2005-present: Assistant Special Agent in Charge at the Washington Division responsible for leading drug enforcement activities in northern Virginia. Manage all Division administration, budget allocations, and various high profile programs i.e. (Recruitment, Training, and Demand Reduction).
Assistant Special Agent-In-Charge, Washington, DC (2005 to present)Direct division administration, budget allocations, and oversee high profile programs including recruitment, personnel training, demand reduction and division special projects for the Washington Division. Created and developed "first-ever" division leadership program that promotes mentoring and hands-on experience/insight to executive management activities.
- Human Resource Management: Pioneered complete turnaround in office morale and division productivity by instituting year-long training in financial management and general administration.
- Program Management: Revitalized recruitment program by assessing program effectiveness and creating increased momentum for achieving annual goals.
- Program Development: Conceived and coordinated new leadership program to advance leadership opportunities for senior-level employees.
Step 4: Extract Achievements and Testimonials from Your Performance Reviews
If you have not updated or created a new executive resume in a very long time, you may be guilty of overlooking significant achievements. Annual performance reviews provide credible, unbiased details about your contributions and impact to company growth; they also serve as an excellent resource for third-party testimonials.
Excerpt from annual review used as testimonial:
Brian was the catalyst to the growth and enrichment of the e-commerce offering at the Technology Company. He is truly a strategic thinker who can ascertain the business challenge and deliver a high quality, technology-driven solution.
Excerpt from annual review translated into achievement:
Conceptualized new e-commerce products that propelled annual revenues from $15 million to $100 million in one year.
Step 5: Make All Your Experiences Work for You
Paid or unpaid, industry experience is still valuable and transferable for career changes. If you have been involved in substantial volunteer or community work, use these resources to highlight/validate your leadership skills and experience in your new target area. Take a look at this example of unpaid marketing experience, which can make a powerful statement on your executive resume.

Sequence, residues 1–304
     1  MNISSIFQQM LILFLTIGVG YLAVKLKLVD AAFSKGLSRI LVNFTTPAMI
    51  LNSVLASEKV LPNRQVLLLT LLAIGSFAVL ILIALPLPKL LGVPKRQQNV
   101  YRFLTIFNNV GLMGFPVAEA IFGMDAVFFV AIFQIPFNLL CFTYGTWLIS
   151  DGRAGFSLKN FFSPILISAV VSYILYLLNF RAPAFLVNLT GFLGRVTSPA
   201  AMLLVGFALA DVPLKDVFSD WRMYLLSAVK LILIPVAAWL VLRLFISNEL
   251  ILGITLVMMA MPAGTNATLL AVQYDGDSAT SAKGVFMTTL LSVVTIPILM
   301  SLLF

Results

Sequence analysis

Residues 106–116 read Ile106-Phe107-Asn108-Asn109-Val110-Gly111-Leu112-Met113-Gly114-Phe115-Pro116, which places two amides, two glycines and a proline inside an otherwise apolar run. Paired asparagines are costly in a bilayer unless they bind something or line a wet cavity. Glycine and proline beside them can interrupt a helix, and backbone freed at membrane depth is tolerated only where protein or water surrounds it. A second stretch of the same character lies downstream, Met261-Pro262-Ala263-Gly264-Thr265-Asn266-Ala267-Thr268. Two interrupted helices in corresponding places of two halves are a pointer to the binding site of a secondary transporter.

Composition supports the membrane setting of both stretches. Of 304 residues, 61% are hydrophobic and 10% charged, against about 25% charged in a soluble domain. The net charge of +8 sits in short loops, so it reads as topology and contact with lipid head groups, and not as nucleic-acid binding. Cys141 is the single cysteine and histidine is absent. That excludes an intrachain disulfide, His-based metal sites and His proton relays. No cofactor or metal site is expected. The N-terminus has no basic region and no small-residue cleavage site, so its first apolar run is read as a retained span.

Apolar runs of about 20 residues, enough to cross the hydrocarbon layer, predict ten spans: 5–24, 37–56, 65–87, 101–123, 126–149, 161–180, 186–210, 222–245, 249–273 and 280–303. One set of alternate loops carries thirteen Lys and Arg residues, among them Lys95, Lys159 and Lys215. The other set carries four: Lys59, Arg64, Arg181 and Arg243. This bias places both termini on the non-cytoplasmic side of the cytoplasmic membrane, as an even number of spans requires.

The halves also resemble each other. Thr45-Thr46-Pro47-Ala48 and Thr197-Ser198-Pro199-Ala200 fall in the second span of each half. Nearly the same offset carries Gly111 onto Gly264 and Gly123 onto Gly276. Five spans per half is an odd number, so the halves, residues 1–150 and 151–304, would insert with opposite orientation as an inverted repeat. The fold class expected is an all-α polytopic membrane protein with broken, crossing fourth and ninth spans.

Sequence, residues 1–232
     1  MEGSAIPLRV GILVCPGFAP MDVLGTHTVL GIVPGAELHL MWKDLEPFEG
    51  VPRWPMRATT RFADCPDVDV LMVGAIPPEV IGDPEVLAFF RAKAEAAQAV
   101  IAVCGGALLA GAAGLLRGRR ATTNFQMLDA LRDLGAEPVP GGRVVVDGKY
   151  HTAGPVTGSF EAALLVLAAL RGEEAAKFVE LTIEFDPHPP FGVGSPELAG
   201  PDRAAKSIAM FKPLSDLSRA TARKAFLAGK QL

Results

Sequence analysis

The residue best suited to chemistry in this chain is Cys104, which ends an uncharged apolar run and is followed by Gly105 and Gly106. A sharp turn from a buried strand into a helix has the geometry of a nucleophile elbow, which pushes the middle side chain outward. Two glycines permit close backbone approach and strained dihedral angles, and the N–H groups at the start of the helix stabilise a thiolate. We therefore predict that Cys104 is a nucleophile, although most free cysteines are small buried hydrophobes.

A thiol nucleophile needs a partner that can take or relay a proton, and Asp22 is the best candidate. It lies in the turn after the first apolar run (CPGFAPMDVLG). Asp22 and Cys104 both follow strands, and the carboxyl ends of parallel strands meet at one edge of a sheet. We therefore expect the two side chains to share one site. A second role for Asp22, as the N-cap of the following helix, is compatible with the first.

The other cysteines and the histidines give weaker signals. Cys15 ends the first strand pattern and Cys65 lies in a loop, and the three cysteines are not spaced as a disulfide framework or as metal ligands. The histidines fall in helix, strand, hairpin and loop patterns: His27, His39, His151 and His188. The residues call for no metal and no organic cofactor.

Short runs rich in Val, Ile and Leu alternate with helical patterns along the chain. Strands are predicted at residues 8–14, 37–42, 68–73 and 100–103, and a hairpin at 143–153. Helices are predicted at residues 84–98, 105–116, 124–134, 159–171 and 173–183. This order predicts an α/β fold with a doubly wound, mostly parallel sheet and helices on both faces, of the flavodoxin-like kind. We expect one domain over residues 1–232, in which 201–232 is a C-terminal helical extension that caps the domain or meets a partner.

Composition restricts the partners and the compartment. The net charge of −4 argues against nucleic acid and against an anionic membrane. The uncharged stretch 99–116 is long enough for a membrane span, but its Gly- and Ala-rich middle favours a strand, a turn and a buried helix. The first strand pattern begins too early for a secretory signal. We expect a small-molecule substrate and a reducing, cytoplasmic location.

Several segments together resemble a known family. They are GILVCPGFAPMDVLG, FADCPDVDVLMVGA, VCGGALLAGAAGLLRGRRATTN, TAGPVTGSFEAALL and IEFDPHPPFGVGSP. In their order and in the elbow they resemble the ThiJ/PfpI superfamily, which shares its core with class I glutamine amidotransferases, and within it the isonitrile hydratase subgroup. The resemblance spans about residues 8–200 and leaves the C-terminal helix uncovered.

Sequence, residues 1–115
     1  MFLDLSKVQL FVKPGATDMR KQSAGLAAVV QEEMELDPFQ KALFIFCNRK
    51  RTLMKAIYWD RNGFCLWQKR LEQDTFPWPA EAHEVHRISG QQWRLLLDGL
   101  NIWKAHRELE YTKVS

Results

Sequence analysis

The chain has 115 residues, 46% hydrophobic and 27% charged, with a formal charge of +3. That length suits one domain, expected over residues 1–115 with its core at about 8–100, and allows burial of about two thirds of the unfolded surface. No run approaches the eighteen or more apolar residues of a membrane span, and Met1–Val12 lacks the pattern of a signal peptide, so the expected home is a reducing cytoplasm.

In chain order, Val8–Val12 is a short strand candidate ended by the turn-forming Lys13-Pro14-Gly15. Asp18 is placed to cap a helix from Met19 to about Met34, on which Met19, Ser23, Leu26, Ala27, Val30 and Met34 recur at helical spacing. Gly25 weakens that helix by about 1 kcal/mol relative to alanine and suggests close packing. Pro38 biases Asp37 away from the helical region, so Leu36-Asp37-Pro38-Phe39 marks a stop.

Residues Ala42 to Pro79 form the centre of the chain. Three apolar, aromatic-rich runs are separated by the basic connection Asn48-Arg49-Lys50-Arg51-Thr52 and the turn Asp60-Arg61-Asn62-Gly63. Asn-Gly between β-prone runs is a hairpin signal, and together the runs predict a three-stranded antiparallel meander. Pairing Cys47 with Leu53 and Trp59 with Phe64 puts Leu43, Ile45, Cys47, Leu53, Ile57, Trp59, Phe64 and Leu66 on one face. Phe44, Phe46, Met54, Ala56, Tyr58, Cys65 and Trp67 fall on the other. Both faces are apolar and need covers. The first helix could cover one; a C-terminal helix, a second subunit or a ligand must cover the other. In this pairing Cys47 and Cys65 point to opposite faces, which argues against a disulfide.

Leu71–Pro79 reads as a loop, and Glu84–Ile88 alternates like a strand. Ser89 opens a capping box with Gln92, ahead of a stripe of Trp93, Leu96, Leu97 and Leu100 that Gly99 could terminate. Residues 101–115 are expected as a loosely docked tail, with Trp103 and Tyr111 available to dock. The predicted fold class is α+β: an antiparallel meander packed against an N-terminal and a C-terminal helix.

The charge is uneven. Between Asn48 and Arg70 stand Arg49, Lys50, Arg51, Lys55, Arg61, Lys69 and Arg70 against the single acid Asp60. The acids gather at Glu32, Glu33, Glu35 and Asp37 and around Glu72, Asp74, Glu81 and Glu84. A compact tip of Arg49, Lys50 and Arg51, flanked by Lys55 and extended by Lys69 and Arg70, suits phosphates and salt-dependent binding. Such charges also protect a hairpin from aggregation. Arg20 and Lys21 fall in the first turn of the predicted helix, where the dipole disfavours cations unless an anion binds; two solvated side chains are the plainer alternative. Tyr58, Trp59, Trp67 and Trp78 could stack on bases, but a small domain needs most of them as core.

Volunteer, International Dance Group, Inc.
Volunteer, Alexandria School of Dance.
MARKETING & PUBLIC RELATIONS EXPERIENCE
Director of Marketing, International Dance Group, Inc. (2002 to 2007)
Work closely with executive team and marketing staff to develop strategic marketing plan for dance production company. Enhance company image through unique promotional programs and advertising initiatives. Volunteer position for five consecutive years.
Marketing Manager, Alexandria School of Dance (2000 to 2005)
Planned and executed advertising production, marketing materials, public relations programs, and other special projects for start-up dance school. Generate creative marketing tactics targeting potential customers and event sponsors. Contributed talents and expertise on non-paid basis.
Overall, preparing a new resume is never an easy task, especially if you haven’t done a one in a long time. Don’t overwhelm yourself with the entire process - start by working on one section at a time before pulling it all together.
Abby M. Locke, president of Premier Writing Solutions, is a Certified Executive Resume-Writer and Personal Brand Strategist who helps senior-level professionals and C-level executives achieve personal success with customized, branded executive resumes and career marketing documents. Her resume samples have been published in Nail the Resume! Great Tips for Creating Dynamic Resumes and Same-Day Resumes.